We’ve been discussing, and I use this term loosely (obviously since I’m still not convinced that I don’t write this blog merely to have discussions with myself), necessary aspects that an author must include in their work.
An age old debate is black and white versus gray areas. I suppose that seems an odd transition from the previous paragraph. Let me explain. Every story. . .scratch that. . .every entertaining and captivating story has a protagonist and an antagonist, a good guy and a bad guy. I use the term “guy” as an gender neutral term. Please stop getting offended so easily. Many times these characters are clearly defined and easily recognizable. They can each be singular characters, a group of characters, a scenario (apocalypse or natural disaster), etc.
However, throughout the course of the written word (perhaps since the dawn of time? I don’t know, I’m fairly young) there have been a select few who have recognized that these characters aren’t always so easily defined. Reality is much more about the fuzzy than the clearly defined. Your best friend can hurt you just as easily as your worst enemy can help you.
So, as writers, how do we decide where to draw the line? How do we create the characters? How human do you make your protagonist? How far do you take his or her flaws? How evil do you make the antagonist? Is he or she relatable at all to your readers?
According to my go-to website when I can’t think of the proper word I want to use (dictionary.com):
Antagonist: a person who is opposed to, struggles against, or competes with another; opponent; adversary.
Protagonist: the leading character, hero, or heroine of a drama or other literary work.
I know. I know. “But Ann,” you say. “Duh. We know this. We’ve looked up the word before. It’s not difficult to remember.” But these are not perfectly straight forward definitions. While hero does insinuate that the protagonist is courageous and good hearted, antagonist does not necessarily equal bad or evil. It’s just so often that happens to be the case.
I reckon that it can be argued that if you make your “villain” too relatable, that character could easily become your protagonist in the readers’ eyes. That’s happened to me on multiple occasions. I don’t always cheer for the character that the author wants me to.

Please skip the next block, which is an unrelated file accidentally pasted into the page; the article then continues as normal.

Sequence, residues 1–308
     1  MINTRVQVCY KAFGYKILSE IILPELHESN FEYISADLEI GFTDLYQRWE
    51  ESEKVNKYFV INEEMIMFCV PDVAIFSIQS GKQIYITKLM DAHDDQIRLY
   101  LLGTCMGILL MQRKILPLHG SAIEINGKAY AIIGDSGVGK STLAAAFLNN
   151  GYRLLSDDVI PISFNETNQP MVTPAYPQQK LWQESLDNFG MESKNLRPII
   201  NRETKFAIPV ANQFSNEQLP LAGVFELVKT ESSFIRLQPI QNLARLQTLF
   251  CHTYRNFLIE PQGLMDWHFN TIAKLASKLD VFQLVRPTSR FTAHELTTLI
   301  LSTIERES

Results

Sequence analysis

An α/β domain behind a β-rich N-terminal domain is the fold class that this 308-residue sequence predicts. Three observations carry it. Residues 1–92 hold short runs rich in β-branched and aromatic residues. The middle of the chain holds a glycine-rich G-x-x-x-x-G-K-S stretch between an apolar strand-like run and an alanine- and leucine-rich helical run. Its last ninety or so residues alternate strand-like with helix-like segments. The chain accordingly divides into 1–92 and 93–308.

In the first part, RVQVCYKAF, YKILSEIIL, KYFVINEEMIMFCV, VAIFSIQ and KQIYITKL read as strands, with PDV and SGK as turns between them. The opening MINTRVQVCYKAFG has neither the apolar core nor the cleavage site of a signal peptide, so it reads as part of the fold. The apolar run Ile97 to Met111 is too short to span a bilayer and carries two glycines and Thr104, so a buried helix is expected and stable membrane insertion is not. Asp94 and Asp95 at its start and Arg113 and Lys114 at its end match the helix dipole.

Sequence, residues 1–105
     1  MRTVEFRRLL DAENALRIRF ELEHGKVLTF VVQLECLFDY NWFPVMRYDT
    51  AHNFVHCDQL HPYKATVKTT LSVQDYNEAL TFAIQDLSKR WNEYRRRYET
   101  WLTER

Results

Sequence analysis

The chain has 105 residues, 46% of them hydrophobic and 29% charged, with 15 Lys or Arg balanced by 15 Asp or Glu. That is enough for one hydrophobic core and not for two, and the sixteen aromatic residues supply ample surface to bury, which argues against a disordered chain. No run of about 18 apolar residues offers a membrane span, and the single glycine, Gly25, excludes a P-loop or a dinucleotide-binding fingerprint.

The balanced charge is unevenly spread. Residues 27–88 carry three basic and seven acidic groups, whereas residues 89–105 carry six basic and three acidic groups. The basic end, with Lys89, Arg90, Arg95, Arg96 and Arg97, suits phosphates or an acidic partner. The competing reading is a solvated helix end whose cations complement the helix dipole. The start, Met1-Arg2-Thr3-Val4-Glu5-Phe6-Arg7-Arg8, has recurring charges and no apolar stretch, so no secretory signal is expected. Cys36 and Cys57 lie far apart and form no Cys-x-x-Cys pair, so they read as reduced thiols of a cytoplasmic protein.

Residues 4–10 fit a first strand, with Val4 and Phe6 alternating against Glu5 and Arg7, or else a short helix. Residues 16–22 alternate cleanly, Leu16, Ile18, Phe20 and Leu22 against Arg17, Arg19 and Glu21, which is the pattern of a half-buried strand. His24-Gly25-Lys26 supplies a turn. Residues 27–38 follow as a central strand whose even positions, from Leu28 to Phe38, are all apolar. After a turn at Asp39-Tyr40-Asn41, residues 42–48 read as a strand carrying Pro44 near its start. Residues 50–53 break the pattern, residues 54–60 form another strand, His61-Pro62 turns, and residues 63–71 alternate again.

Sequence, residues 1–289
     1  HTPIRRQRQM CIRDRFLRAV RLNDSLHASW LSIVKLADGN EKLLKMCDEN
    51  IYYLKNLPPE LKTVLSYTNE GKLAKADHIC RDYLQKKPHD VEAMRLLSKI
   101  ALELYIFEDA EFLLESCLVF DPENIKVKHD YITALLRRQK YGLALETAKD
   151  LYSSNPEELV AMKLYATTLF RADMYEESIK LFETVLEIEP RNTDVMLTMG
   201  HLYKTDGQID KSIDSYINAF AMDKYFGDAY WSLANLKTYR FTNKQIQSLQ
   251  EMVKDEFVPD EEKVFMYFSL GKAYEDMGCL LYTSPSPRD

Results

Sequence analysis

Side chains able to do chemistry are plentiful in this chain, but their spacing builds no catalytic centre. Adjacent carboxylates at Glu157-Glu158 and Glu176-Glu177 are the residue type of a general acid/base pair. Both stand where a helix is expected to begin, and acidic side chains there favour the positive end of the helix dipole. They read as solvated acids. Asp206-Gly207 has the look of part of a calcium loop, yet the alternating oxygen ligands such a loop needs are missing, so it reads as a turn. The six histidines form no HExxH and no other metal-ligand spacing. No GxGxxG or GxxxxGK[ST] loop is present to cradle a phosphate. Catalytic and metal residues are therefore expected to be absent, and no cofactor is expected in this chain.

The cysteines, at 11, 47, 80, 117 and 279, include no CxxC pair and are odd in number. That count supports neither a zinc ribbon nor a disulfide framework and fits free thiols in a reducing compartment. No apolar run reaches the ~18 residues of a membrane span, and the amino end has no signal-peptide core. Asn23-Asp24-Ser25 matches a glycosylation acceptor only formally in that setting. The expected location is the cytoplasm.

“Ann,” you look at me with confused eyes. “What exactly are you trying to say here?”
I think that what I’m trying to say is that when we’re younger, we assume that good guys are good and bad guys are bad. Unfortunately it’s not that simple, ever. And we have psychologists and doctors to tell us that now. Our job, as writers, is to present a story. If you wish to sway your audience in a certain direction, you need to make sure your written word is appropriately persuasive. But what’s persuasive to you may not be persuasive to your readers.
My alternative to this is to write the story as it comes to me, gray areas and all. Make your readers work (a little) to understand your characters and relate to them. Let them decide who to root for. Let them put a little effort in.
I realize this goes against advice I’ve given in previous blogs, but that only matters if you’ve read my previous blogs. And if you have, you’ll know that I’ve covered writing for the audience you want. At least, I think I have. It’s been a long day and I don’t feel like taking the time to read through all of my countless other blogs to search for a specific quote or date. There are quite a few people who don’t want to put any effort into reading. They merely want to be led. Others want to feel smarter for having read your work. So you should write for the audience you desire.
I write this as I struggle with it on my own. As an author, I love all my characters – “good” and “bad,” important and non important, human and non human. But someone has to lose, especially in fiction. Very few people would go to see a movie about a couple who meets, instantly falls in love, never has any drama or problems, and lives happily ever after. Where’s the plot? Where’s the point? Where’s the conflict?
And so I ask you, in turn, where’s your conflict? Is it between your protagonist and antagonist? Is it between the audience and your protagonist? Or is it an internal struggle to dislike the “bad” guy?
I’m not going to proof this blog before I post it. It’s past midnight and it was a long day. But sleep is elusive tonight and I needed to ramble. So take what you can from the above. Sometimes I ramble about topics and people say “Genius!!” (in a French accent, of course) and other times they take away my bottle of wine.